Griffon vulture (Gyps fulvus)

Common name in other languages:

Dutch Vale Grier; German Gansegeier; French Vautour Fauve; Spanish Buitre Leonado; Portuguese Grifo; Swedish Gasgam

Size: 95-110 cm

Weight: 6-11 kg

Wingspan: 240-280 cm

Life expectancy: up to 37 years in captivity

 

Features: The Griffon vulture is sand-coloured to dark brown, with a white head, neck and ruff. The primary- and tail feathers are dark brown to black. Young birds have a brown ruff and are darker in colour. The wings are long and wide and are resemble fingers.

 

Distribution: Following a decline in the 20th century by poisoning, hunting and decreasing of food supplies, in recent year the species has increased dramatically in some areas, particularly in Spain, the French Pyrenees and Portugal. In Europe, the breeding population is between 19.000 and 21.000 pairs, with around 17.500 pairs in Spain and approximately 600 in France.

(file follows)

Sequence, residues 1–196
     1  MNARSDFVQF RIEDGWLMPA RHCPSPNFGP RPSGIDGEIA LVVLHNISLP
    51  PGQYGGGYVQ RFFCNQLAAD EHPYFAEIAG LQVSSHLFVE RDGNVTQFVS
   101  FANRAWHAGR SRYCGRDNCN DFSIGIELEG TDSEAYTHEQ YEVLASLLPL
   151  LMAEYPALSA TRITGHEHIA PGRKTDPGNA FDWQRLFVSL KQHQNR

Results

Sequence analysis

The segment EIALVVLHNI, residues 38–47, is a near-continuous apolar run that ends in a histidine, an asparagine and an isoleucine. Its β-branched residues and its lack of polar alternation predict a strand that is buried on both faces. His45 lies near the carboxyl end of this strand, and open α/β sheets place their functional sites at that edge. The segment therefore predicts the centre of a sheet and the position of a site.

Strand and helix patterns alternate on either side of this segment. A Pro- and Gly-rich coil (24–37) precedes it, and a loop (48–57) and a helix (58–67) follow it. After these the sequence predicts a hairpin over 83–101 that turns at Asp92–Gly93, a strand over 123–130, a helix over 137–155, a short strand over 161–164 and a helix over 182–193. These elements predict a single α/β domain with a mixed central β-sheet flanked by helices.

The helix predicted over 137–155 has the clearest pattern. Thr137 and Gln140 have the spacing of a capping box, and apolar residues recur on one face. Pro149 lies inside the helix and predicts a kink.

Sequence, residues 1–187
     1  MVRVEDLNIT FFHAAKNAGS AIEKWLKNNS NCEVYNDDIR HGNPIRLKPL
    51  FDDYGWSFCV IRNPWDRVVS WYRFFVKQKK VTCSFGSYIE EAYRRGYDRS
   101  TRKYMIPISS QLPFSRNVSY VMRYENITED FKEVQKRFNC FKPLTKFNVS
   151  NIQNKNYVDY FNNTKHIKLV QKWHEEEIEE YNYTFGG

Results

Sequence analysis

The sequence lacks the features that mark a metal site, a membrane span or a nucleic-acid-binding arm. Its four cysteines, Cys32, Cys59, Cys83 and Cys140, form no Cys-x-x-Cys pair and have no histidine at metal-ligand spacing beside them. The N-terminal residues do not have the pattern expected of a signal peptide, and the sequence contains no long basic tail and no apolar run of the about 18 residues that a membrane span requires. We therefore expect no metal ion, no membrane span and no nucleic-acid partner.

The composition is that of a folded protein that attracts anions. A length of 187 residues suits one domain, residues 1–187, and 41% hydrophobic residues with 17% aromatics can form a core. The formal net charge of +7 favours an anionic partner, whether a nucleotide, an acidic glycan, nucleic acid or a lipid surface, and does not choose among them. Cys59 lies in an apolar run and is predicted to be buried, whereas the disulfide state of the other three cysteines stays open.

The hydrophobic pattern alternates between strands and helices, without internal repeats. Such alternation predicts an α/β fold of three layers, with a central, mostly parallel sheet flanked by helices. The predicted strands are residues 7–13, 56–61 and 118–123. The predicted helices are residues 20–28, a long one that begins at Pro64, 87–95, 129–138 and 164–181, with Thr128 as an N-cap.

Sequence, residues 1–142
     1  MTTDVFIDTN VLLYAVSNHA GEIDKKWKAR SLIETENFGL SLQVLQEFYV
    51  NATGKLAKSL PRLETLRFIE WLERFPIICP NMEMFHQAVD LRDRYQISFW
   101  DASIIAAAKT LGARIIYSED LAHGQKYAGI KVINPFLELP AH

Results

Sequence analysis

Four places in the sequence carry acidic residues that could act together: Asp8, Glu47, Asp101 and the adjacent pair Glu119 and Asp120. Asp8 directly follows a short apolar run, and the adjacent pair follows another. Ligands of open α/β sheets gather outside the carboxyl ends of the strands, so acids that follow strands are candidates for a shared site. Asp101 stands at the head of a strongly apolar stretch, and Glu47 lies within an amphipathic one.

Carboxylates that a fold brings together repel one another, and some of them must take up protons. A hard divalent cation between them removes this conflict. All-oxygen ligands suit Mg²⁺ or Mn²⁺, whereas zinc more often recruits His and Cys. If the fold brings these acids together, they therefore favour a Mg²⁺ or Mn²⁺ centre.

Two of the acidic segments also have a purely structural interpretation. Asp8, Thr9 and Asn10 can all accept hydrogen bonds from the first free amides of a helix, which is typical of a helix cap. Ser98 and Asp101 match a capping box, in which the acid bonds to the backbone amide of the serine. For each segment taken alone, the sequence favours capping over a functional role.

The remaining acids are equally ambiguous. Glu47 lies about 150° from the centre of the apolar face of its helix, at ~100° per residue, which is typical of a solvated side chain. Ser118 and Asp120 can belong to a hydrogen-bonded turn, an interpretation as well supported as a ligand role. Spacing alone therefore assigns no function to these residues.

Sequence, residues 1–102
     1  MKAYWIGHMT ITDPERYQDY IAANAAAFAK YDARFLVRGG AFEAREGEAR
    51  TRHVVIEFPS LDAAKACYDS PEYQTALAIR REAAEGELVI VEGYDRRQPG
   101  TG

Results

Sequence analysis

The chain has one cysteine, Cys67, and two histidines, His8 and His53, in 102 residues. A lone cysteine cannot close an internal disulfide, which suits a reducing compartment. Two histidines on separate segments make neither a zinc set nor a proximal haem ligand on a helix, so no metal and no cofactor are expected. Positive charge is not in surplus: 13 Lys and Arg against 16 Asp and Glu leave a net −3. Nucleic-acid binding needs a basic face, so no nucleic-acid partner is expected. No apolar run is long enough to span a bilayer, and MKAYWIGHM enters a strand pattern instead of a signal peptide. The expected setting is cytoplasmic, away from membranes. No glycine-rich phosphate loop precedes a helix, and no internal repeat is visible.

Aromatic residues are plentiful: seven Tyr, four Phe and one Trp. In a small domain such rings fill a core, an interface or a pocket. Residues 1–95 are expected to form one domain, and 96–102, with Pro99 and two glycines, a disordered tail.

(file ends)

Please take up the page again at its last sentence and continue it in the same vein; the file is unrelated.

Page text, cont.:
Behaviour: The Griffon vulture feeds mainly on the softer parts of carcasses, such as the muscles and viscera. Because of it’s long neck, this species can reach far into the carcass without snagging. Griffon vultures are very social in comparison to other vulture species. They forage in groups and breed in colonies on steep cliffs.

 

Wed

29

Mar

2017

Griffons in peril in Cyprus – only 21 birds left and no breeding in the last two years

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Sun

19

Mar

2017

LIFE RE-Vultures - news from the Rhodopes at the project annual meeting

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Thu

16

Mar

2017

25 griffon Vultures from Extremadura (Spain) on the way to Sardinia (Italy)

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Sun

12

Mar

2017

Jana and Tempestosa: Two griffon vultures released in Sardinia within LIFE Grifone

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Tue

28

Feb

2017

Griffon vultures and livestock activities – the French national action plan to decrease potential problems is now available for public consultation

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